If you need a more consistent pay schedule, especially if you have a family at home, you may want to opt for the mileage route. Your salary will be more consistent and predictable over time.

Because many owner-operators sign on with a carrier to get consistent loads, they may have to choose one payment method. You can combine the two if you work with more than one carrier; it makes bookkeeping and figuring profit and loss more complicated.

To decide what will work best, you need to understand expenses and what they mean to your bottom line.

The cab of a truck.

What kind of expenses do owner-operators have?

Several expenses go with a trucking business. Some are obvious, while others are more challenging to figure out.

Buying a truck

First, you’ll need to buy or lease a truck. Determine these before you purchase a truck:

  • The type of loads you want to haul
  • The lanes you will operate in (which may affect emissions testing)
  • Your budget and the best truck you can afford
  • Whether you will lease to a carrier, fill your own loads, or a combination

In figuring out what you can afford, remember that an older truck will need more maintenance and repairs, and a newer one will cost you more upfront. Consider all those things when choosing which truck to buy and how to pay for it.


Even a brand new truck will need things like oil and fluid changes, tires and wheels, regular grease jobs, compressor maintenance and repair, brake checks and replacements, and regular fuel filter replacements. Regular maintenance can prevent larger problems, but don’t forget to include these expenses in your budget.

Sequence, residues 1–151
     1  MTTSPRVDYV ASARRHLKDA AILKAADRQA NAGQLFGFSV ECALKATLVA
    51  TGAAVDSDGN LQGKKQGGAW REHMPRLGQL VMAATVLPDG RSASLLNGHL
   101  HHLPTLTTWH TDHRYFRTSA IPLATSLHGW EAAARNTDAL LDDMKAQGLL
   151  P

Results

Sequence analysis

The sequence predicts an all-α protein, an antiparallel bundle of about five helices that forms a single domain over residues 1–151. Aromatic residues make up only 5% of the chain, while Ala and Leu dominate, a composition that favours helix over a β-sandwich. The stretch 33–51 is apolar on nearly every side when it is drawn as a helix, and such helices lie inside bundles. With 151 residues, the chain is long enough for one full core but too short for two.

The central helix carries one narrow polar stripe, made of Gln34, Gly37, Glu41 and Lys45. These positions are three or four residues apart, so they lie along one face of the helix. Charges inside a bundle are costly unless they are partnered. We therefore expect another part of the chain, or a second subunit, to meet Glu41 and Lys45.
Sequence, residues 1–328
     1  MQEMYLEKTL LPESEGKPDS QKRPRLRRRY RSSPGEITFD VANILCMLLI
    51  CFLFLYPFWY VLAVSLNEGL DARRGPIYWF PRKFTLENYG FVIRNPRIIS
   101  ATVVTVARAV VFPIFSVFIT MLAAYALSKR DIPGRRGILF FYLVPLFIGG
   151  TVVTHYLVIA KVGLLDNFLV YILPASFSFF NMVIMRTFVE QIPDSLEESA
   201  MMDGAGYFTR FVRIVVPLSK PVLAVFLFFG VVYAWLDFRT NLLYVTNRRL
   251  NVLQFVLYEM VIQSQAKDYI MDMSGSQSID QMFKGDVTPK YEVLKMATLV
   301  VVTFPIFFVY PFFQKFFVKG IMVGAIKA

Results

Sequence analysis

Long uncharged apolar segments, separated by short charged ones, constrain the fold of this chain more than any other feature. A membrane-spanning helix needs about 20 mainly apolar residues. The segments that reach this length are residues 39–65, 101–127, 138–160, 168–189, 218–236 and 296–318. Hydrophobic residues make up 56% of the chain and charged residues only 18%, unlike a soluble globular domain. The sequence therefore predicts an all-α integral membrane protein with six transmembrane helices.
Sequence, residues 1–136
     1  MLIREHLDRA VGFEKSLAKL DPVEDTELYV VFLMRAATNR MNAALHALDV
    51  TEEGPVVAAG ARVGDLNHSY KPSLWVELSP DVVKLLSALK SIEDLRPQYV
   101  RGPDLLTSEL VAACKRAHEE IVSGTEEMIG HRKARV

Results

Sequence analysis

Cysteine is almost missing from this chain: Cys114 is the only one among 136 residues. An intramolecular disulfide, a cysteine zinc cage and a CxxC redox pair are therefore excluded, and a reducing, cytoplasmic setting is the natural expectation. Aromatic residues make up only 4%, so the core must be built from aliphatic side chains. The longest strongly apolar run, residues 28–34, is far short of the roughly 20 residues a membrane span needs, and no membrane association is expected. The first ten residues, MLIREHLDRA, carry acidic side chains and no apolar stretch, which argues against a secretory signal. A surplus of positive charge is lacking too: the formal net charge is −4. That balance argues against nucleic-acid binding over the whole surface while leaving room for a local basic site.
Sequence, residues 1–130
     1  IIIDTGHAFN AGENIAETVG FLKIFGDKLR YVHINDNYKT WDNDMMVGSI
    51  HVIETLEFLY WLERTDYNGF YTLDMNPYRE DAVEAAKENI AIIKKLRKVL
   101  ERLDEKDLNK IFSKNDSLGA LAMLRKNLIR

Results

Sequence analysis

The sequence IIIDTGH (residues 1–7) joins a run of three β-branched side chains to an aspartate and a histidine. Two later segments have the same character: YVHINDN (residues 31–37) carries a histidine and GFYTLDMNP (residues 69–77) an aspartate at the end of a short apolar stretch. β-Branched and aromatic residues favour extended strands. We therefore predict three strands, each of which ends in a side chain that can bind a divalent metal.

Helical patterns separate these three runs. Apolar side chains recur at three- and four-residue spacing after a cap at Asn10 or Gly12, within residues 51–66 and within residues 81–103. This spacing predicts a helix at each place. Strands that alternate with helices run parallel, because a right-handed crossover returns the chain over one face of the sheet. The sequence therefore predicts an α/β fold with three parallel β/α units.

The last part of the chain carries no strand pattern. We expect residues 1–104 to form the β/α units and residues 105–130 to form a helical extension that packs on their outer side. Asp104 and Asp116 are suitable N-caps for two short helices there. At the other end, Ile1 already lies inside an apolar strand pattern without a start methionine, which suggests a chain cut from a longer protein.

Fuel costs

Over time, you’ll learn the average fuel cost for your lanes, but it will vary as fuel prices rise and fall. This expense never goes away.

While there are reward programs and other ways to save money, they have their limits. Budget for fuel based on the mileage you will travel, and budget for the worst-case and highest-cost scenario rather than the ideal one.


You’ll need the right insurance for your truck, but you’ll also need insurance to cover cargo loads if there’s a loss, theft, accident, or other damage to your load. These claims are part of the business, no matter how smooth your operation is.

The Truckstop cargo insurance program offers low per-load insurance. Policies are “All Risk” cargo insurance that covers any physical loss or damage from external causes subject to the terms and conditions of your policy). It serves as primary coverage and insures you from when you pick up your freight until it is delivered and signed for. This can help with the cost and uncertainty of what load insurance will cover in the event of a claim.

Before buying truck insurance, consider talking to an agent who understands OTR work and your state’s specific legal requirements and states in your lane. Make sure you’re not paying for coverage you don’t need but have enough to meet legal requirements and cover your own needs.

Taxes and paperwork

Everyone’s favorite! If you were a company driver before, you probably had taxes taken out of your check automatically. Now, you will have to track and pay them yourself, including self-employment taxes and Federal and state income taxes.

A few simple rules will keep you out of trouble with the IRS and your state tax authority.

  • Save to pay taxes. Put away 20-30% of everything you earn in a tax savings account (TSA). This guarantees you have the funds to pay your taxes when due.
  • Pay quarterly taxes. This keeps you legal with the IRS and prevents a surprise tax bill on April 15.